It’s the fiber, not the fat

I came across this 2020 fiber-vs-fat rodent study from its citation in Gut microbiota and aging:

“Dietary intervention studies largely revolve around altering fat content. Little consideration has been given to amount of fiber and whether or not it is soluble.

We examined age- and sex-specific effects of a refined high-fat/low soluble fiber diet (rHFD) on body weight and gut microbiota composition relative to mice fed a refined low-fat diet (rLFD) that is nutritionally and compositionally matched to rHFD.

Chow diet supplied energy as 13.4% fat, 28% protein, 57.9% carbohydrates, and 15% dietary fiber (range of total dietary fiber between 15 and 25% with 15–20% insoluble and 2–5% soluble fiber).

Two refined diets were used: rLFD supplying energy as 12% fat, 21% protein, and 67% carbohydrates; and rHFD supplying energy as 45% fat, 20% protein, and 35% carbohydrates. [Both rLFD and rHFD contained] 5% fiber in the form of insoluble cellulose.

Young adult animals consumed chow diet for 17 weeks, and 1-year aged animals consumed chow diet for 60 weeks. We included a 1-week transition period wherein all mice were fed rLFD. For the following 4 weeks, half of the animals remained on rLFD while the other half consumed rHFD.

After 4 weeks, young adult female mice showed resistance to weight gain to rHFD, consistent with previous reports. Aged females fed rHFD showed rapid body weight gain relative to rLFD-fed aged females.

Young adult and 1-year aged males showed a significant gain in body weight that was independent of refined diet formulation, suggesting that other components of the refined diet contribute to body weight gain that is independent of dietary fat.

Transition from chow diet to rLFD resulted in changes to microbiota community structure and composition in all groups, regardless of sex and age. This dietary transition was characterized by a loss within phylum Bacteroidetes and a concomitant bloom of Clostridia and Proteobacteria in a sex- and age-specific manner.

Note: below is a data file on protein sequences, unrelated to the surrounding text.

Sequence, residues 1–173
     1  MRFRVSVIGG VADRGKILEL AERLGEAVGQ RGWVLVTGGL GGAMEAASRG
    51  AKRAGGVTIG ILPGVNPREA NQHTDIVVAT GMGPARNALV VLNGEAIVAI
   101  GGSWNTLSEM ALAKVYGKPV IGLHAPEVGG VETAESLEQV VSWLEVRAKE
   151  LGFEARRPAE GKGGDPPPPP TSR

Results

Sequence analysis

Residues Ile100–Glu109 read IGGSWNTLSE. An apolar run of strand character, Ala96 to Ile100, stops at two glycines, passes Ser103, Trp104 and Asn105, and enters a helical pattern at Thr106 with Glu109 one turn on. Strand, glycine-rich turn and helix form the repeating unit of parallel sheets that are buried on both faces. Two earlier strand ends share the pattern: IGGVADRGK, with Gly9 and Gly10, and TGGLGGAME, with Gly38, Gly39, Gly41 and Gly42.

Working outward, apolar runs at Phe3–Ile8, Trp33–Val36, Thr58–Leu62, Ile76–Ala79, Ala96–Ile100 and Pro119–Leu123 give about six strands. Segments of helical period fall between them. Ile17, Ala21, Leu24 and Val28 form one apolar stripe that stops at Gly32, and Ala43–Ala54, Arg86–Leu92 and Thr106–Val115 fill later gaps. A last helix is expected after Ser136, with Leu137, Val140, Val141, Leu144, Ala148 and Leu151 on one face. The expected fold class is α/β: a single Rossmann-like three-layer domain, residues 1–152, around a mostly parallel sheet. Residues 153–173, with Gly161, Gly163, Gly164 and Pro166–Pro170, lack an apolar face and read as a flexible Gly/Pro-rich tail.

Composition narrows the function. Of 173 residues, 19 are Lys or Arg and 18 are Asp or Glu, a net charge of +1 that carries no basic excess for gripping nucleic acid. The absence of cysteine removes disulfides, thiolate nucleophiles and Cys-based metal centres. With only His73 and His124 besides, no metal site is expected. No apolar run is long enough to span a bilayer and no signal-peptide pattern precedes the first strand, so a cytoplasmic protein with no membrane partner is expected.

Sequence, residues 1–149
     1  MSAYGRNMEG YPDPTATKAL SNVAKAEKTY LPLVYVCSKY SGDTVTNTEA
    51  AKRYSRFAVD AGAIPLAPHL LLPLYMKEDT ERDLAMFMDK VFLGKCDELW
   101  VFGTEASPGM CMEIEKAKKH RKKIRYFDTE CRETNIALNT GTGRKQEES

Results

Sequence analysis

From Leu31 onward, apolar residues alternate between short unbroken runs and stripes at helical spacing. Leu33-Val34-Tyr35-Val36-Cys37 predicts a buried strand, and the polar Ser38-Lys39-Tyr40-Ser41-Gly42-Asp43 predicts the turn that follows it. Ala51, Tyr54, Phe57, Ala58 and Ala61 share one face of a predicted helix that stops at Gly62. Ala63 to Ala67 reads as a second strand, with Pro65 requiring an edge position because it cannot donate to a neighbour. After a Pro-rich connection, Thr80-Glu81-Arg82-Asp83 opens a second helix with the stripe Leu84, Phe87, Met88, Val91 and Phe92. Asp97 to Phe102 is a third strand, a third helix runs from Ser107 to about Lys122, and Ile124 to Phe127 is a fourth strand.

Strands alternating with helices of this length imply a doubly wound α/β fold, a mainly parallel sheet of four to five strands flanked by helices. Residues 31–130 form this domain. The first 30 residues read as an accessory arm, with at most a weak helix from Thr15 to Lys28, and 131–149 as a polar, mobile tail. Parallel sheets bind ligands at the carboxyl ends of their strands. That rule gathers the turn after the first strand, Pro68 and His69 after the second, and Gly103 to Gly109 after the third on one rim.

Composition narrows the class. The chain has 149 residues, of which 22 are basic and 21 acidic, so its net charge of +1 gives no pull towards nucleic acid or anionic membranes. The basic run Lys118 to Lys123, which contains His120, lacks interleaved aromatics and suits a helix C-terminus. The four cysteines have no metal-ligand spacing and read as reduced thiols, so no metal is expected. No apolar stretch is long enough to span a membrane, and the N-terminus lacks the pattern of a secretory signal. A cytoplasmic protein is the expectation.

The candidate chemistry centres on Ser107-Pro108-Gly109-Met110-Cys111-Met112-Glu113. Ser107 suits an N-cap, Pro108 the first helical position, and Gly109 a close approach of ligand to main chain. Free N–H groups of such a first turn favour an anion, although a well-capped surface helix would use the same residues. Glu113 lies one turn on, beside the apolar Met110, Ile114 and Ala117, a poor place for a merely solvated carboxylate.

No changes to gut microbiota community structure and composition were observed between mice consuming either rLFD or rHFD, suggesting that transition to rLFD that lacks soluble fiber is the primary driver of gut microbiota alterations, with limited additional impact of dietary fat on gut microbiota.”

https://microbiomejournal.biomedcentral.com/articles/10.1186/s40168-020-0791-6 “It’s the fiber, not the fat: significant effects of dietary challenge on the gut microbiome”


It’s alright for researchers in the Abstract and Introduction section to interpret how their rodent study may apply to humans. I appreciate when they confine their statements elsewhere to what they actually measured and found.

This study didn’t measure inflammation, behaviors, neurobiologics, metabolic parameters, immune biomarkers, or hormones. They can qualify statements with “may” all they want, but there wasn’t direct evidence for either:

“Age-specific vulnerability to diet-induced body weight gain in females may be related to aging-related changes to estrogens.”

or

“The lack of differences between rLFD- and rHFD-fed mice may indicate that gut microbiota structure and composition can be dissociated from body weight and systemic inflammation.”

Papers that cite this study can’t rely on its Abstract for “regulating metabolic, immune, behavioral, and neurobiological outcomes” because its experiments didn’t directly measure such outcomes.

Removing 2-5% soluble fiber from subjects’ diet had large effects. I look forward to reading human studies that are informed by this study.

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